One thing that the charter process accomplished in Michigan was to really mobilize people, Hoey said, and generate support for people and groups with fledgling ideas that might not have otherwise gotten off the ground or had a big impact.

That need for support is one of the reasons it’s critical to involve lawmakers and state agencies in the process.

Miles is helping to lead a grassroots effort in Hawaii to start the process of developing a participatory food system plan, through an initiative called Transforming Hawaii’s Food System Together. He has also been working to drum up support for creating a food system plan with state lawmakers and private groups.

A piglet running down a walkway in between metal gates on either side. 2018

Hawaii needs a statewide comprehensive plan for food security that involves lawmakers as well as farmers and takes into consideration numerous economic, agricultural and social parameters.

Anthony Quintano/Civil Beat/2018

Other nonprofits and coalitions like The Ag Hui are also trying to bring people together for more coordinated conversations about needs in the state, Lincoln said. But these efforts are trying to fill a void in state leadership that shouldn’t be there.

“We’re not seeing leadership from our leaders. And so others are stepping up, but they don’t have the keys to the power as it were, to instigate those changes,” Lincoln said.

A lack of coordination

Bringing together stakeholders to create a roadmap for Hawaii’s food system is just one way to address a serious lack of planning and coordination when it comes to the state’s struggling agricultural sector.

“What we should be doing is asking ourselves, how well is the state providing services to farmers?” said University of Hawaii economist Sumner La Croix. “Why is it that farmers are not making money in the state of Hawaii, as most of them are not? What can we do to reduce the regulatory burden on farmers to make it less costly to produce food here in the state?”

If Hawaii had a better idea of what food it wanted to see grown to meet sustainability or food security goals, it could also use that information to create incentives for certain types of crops.

No one can tell farmers what to grow, said Nicholas Comerford, dean of the University of Hawaii’s College of Tropical Agriculture and Human Resources. They will grow what they know how to grow, what their parents grew, and what they think will make money.

But Hawaii needs a different kind of agriculture, he said.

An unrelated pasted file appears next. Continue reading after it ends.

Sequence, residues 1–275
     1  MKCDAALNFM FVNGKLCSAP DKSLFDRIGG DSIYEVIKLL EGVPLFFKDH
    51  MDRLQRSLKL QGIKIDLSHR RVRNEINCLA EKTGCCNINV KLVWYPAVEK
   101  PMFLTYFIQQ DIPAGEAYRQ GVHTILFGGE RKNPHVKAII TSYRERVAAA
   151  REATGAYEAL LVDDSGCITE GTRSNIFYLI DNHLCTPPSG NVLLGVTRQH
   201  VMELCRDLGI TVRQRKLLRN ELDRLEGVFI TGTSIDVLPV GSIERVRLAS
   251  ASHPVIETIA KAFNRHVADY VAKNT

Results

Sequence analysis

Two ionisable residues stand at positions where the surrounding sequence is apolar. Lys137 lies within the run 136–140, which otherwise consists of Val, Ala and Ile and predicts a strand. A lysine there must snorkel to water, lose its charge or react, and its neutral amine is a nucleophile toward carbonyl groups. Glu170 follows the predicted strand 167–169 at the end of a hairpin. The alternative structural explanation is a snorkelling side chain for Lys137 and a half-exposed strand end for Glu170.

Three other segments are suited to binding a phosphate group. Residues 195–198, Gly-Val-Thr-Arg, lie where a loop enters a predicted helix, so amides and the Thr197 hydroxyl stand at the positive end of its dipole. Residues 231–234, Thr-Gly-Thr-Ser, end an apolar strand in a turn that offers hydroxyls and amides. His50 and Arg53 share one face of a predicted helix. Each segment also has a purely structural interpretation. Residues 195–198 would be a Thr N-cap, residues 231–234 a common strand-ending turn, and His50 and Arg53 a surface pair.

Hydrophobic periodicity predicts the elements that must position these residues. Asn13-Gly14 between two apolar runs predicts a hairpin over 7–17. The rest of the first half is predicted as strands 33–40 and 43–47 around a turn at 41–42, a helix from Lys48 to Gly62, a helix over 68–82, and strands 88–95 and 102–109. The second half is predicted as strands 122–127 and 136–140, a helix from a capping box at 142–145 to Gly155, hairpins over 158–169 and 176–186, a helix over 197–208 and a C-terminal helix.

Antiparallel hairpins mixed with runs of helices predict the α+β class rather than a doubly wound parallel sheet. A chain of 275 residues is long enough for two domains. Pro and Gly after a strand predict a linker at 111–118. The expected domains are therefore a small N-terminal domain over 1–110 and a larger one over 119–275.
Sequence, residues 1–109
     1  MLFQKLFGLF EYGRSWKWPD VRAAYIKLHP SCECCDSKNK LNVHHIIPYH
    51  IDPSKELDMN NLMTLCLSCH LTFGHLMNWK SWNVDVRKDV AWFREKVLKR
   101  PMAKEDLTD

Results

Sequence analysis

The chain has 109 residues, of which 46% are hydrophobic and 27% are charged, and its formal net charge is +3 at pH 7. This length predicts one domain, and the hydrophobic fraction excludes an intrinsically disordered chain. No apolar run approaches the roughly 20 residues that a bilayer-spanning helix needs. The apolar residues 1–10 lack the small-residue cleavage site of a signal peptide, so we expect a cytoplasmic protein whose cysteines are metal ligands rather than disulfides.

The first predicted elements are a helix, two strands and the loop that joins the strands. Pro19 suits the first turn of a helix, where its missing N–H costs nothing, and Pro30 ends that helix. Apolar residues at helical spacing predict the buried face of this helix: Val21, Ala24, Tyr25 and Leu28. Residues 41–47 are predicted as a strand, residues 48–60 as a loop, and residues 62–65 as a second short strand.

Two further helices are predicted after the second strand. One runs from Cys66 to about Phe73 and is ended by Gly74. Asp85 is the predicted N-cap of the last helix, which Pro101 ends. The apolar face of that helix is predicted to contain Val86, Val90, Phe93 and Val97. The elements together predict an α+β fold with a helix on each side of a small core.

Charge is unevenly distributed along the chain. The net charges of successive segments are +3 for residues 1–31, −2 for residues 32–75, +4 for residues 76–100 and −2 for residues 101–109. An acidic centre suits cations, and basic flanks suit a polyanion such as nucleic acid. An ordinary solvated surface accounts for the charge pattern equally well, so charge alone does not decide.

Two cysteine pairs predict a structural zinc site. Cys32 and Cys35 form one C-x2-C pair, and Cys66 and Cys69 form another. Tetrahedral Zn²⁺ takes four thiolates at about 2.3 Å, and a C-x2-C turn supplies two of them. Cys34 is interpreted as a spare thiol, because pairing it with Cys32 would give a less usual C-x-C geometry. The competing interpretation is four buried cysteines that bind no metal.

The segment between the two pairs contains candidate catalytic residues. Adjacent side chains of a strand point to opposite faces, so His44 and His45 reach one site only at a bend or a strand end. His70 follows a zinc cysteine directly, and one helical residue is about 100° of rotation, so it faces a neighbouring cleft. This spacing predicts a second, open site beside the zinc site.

“It needs it because we’re so remote, right?” Comerford said. “We need a better perspective on what the state needs to grow. And we have to provide the farmer with [information about] where it can grow, and what the economics of growing it are.”

The agriculture department has a list of crops that are most sought after in the state and are most nutritious. University of Hawaii has a detailed map of what crops grow best in the state. If that data could be paired with economic projections for what crops will be most profitable, farmers could then make more sophisticated decisions about what to plant.

If the state had a better idea of what food it wanted to see grown to meet sustainability or food security goals, it could also use that information to create incentives for certain types of crops.

“We need a better perspective on what the state needs to grow. And we have to provide the farmer with information about where it can grow, and what the economics of growing it are.”

Another way to help would be to bolster planning and coordination at the university system, said Bruce Mathews, dean of the College of Agriculture, Forestry and Natural Resource Management and a professor of soil science at University of Hawaii Hilo.

The university system has lost funding for a number of positions because agriculture hasn’t been prioritized in the state in recent decades, Mathews said. This means that there’s a lot of missed opportunities just within the university, Mathews said.

One idea would be to have a vice president for agriculture in the UH system who could coordinate all the agriculture departments and programs across the system in addressing big state challenges.

Some of that work used to be done by the now-defunct Governor’s Agricultural Coordinating Committee. The committee, which was eliminated more than two decades ago, was allotted a certain amount of state money each year to address priority problems, Mathews said. Then the committee would get faculty from across the UH system to meet with producers to identify challenges and submit proposals to address them.

“I mean, somehow you have to have all the ships in the Navy aligned to do what the Navy’s got to do,” Mathews said. “And right now, it’s just kind of a free for all.”

Jessica Terrell is the Vision: Nourished Schools Fellow at The Counter. She was previously an editor at Honolulu Civil Beat, where she reported and hosted Offshore, a narrative journalism podcast about social issues in Hawaii and the Pacific Rim. The podcast received two EPPY awards, as well as recognition from the Asian American Journalists Association, Best of the West, and Religion News Association.